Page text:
4. We still need answers

So how does science see the love between Japan and robots (including the strange ones)?

Although the research on the horror valley has been constantly increasing in recent years, there is still not much difference in the cultural and social imprint of the robot in people's perception.

At the same time, there is no clear scientific conclusion that can explain which robots belong to the horror valley and which do not belong to the horror valley. Many studies on this area have drawn different conclusions. Some people think that culture has a great influence. Japan likes robots more than other countries in the world. Some people said that compared with other countries, there is not much difference in Japanese robot acceptance and love.

But one thing that most studies agree with is that the degree of contact with robots will greatly influence people’s perception of robots, and Japanese people are usually exposed to more robots than the rest of the world.

5. Differences between the West and Japan

I think the reason why Japanese people generally accept robots is that there are many robots that they can access, including the strange ones.

I live in Tokyo and I see more robots than most people, not to mention various automated systems. I am not bragging, but this shows that the Japanese are more likely to develop a robotic system that can help.

Although it is difficult to say whether the Japanese will look at robots more actively, it is an undeniable fact that Japan is busy deploying robots for various tasks. In fact, this is an initiative that the Japanese government believes will help revitalize the Japanese economy.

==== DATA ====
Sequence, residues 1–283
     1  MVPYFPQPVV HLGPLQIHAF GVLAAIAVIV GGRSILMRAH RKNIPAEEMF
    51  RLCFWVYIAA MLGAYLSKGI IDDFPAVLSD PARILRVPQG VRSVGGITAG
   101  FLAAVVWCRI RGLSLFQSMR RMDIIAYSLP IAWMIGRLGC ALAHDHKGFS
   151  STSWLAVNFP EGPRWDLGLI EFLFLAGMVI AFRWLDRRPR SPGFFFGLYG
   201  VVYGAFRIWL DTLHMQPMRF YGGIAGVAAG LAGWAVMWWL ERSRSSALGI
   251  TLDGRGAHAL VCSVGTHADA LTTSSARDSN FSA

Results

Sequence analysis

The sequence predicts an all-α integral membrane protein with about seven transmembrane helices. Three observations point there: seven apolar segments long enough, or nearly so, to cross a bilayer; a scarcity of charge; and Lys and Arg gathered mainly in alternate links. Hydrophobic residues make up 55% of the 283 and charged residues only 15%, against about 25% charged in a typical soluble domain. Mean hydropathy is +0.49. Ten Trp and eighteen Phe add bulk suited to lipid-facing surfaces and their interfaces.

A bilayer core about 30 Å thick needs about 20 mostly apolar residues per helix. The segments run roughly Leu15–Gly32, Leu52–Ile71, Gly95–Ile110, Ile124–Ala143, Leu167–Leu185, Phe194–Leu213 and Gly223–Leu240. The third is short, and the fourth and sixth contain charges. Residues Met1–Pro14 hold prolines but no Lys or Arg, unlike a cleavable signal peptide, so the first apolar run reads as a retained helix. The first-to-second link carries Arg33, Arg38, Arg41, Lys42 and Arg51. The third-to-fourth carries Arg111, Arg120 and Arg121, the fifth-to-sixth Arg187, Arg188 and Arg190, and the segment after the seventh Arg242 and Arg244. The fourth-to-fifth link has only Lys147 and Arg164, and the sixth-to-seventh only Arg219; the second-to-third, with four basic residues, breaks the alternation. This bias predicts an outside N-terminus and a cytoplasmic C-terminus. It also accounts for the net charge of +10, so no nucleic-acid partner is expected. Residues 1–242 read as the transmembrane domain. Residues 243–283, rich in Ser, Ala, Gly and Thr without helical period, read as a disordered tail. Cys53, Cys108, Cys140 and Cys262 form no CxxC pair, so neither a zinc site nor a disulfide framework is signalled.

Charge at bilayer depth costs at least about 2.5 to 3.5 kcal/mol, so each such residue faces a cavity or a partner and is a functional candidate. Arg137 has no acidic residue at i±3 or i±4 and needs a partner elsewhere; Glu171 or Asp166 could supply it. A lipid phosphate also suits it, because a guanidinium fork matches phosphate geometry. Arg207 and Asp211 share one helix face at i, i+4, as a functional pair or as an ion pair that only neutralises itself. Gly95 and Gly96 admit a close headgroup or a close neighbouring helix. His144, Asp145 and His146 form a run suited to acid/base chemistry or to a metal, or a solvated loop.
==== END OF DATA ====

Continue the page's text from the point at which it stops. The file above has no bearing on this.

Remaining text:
Robots have been used for healthcare and elderly care. An interesting phenomenon is that older people are usually reluctant to disturb busy staff, but they are sometimes happy to use robots as chat objects.

Professor Asada summed up:

I think that older people in western countries do not like to let machines enter their lives. For example, Panasonic designed a pet robot many years ago to measure the temperature of elderly people. The Westerners' response was 'We don't like robots to measure and run!'; while the older Japanese people say 'Oh, this is cute', so in Japan, our ageing society is more likely to accept robots.

6. Today's Japan, Earth tomorrow

Japan is aging rapidly, but it is also true in many parts of the world. The term "elderly burden" has implications for most politicians, just as "bubbles" are for Silicon Valley investors.

Many countries are about to usher in a shortage of workers, which will affect many areas, including health care and the elderly.

When confronted with robots or interacting with robots in other ways, most westerners nowadays may respond with “run”.

However, if this reaction has largely affected people’s perception of “which kind of robot belongs to the horror valley”, then I think we can draw several conclusions from it.

First of all, if the horror trough depends on history and culture, as well as the level of exposure, then we know that these are all variables, history will move forward, and culture will change, and as more and more robots emerge, we will eventually reach out to More robots.

Second, it does not mean that Japanese people like bizarre robots. They are trying to integrate robots into all aspects of society. Most cultures are not willing to have such things in their own society. Part of the reason why this process will be so smooth is that the Japanese are accustomed to robots and have more positive opinions on robots.

The results show that the love of robots is actually related to your level of contact. Once you get in touch with them and gradually understand them, you will find that they are really not at all surprised.